The Postcard Killings – Jeffrey Dean Morgan and Famke Janssen star in this misery thriller based on a book by James Patterson. I haven’t read the book personally, but I’ve read enough Patterson novels to know what you usually get, and I can only assume that the book is better than this slog of a film. Morgan turns in a great performance in the lead role but the film’s pacing is so slow; there’s an interesting story here, but it just takes so long for anything to happen. There’s never any sense of excitement or… well, thrills. Which, for a thriller, is a pretty big let down. The film is about an hour and 45 minutes, and I feel like 25 minutes or so of it could have been easily edited out, It would have made for a short movie, but it would have been a much more engaging one. I like Patterson’s books and I think there are plenty that are ripe for the movie treatment, but I hope future endeavors are better than this one.

D-Day: Normandy 1944 – This documentary was filmed for IMAX screens, and as such, it’s one of the shorter films like you typically get with IMAX films, running about 45 minutes. And while that might not seem like enough to give us everything we need to know about D-Day (or the invasion of the beaches at Normandy that changed the course of World War II), it’s still a pretty dynamic film. Narrated by Tom Brokaw, the film has to recreate a lot of the information presented, as there is almost no real footage from the actual attack. They don’t rely on cheesy dramatic recreations, though, instead using new footage, maps, photos, and other infographics to take us through the events of D-Day in quite a bit of detail. It’s a far cry from Saving Private Ryan (the opening scenes of that film take place on D-Day) but it’s a good film for history buffs and the sort running time keeps it interesting for the more casual viewer. The film was available on DVD last year, but it now it makes its home video debut on the 4K Ultra HD format, which makes the film shine. Everything looks crisp and clean and the color saturation gives life to the proceedings (except for the black and white photos, obviously.) The surround soundtrack is just good, not overtaxing your speakers but not leaving them hanging, either. It’s a good presentation for the film, ultimately.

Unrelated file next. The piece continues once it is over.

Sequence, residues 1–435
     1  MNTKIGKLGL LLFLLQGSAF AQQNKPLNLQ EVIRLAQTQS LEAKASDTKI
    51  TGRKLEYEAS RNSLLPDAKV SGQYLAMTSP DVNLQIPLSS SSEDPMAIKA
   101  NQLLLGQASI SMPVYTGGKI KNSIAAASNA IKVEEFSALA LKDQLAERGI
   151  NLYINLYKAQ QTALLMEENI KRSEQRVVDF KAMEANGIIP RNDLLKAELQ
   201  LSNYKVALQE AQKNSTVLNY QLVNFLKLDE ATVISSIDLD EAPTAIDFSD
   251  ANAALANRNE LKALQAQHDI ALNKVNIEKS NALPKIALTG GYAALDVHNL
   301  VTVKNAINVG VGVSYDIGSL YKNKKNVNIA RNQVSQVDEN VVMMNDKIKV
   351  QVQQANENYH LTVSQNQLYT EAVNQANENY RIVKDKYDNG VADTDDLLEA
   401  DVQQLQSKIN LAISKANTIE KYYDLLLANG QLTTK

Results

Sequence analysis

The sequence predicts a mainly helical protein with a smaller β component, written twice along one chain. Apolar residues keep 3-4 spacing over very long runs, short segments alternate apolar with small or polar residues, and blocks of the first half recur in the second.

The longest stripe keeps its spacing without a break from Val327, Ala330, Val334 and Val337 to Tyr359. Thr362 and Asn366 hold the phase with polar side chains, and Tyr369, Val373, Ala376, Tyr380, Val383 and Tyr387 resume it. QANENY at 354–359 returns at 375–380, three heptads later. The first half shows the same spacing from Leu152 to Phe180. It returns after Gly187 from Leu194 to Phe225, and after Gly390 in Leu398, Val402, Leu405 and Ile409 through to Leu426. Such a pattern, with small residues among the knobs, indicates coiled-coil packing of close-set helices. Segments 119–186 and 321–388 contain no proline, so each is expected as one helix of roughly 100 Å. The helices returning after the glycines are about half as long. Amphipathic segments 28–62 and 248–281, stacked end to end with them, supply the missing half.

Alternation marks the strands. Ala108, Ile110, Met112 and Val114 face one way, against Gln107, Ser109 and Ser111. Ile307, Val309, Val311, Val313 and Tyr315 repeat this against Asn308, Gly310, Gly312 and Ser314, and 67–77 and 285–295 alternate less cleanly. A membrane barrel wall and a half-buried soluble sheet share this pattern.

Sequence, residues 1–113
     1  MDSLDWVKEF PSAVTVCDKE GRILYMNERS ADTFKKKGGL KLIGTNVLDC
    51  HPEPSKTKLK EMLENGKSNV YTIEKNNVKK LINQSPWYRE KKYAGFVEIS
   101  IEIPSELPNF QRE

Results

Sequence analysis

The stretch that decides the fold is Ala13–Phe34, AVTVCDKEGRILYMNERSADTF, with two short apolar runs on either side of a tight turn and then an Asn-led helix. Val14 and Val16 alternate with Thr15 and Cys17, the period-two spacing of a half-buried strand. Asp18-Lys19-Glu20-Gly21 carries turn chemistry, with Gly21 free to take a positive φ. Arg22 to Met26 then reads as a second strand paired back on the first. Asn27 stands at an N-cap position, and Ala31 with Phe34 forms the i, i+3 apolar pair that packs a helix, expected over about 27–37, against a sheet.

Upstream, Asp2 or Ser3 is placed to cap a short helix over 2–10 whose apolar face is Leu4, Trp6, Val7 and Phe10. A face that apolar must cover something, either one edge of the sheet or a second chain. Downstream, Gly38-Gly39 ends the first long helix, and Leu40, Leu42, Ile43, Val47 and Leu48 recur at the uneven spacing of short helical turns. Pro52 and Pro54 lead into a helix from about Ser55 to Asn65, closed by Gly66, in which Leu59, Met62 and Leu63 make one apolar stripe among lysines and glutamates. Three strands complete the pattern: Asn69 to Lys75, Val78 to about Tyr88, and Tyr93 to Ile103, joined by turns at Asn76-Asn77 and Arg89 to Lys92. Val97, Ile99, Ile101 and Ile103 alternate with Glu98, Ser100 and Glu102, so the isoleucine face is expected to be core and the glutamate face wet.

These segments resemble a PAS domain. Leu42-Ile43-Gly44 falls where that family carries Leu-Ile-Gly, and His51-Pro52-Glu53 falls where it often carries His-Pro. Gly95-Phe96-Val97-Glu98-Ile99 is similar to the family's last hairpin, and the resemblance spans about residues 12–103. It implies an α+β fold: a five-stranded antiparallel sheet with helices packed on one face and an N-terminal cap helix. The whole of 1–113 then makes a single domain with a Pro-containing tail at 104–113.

Also Available This Week on Home Video:

  • World on Fire: Season One – Speaking of World War II, Masterpiece’s newest dramatic series takes place during the great global conflict. Sean Bean, Lesley Manville, and Helen Hunt are the big-name actors involved, even if their characters are not the main characters of the show. With Hitler’s march across Poland being the driving event that kicks the series off, in many ways this is your typical Masterpiece multi-character drama. We follow a number of characters as they deal with the ramifications of there war spreading across Europe and the rest of the world. We follow regular people, military personnel, family members, and others as they try and survive and thrive in times of immense turmoil. The show is solidly okay; there are times at which it’s quite gripping, and times at which it’s rather slow. The cast of characters is quite sprawling, so it’s easy to lose track of who’s doing what and when. I get that’s sort of inevitable with a show that takes place during a conflict like World War II, but it keeps it from being a great show in my opinion. However, fans of dramatic television and Masterpiece-style shows will find a lot to like.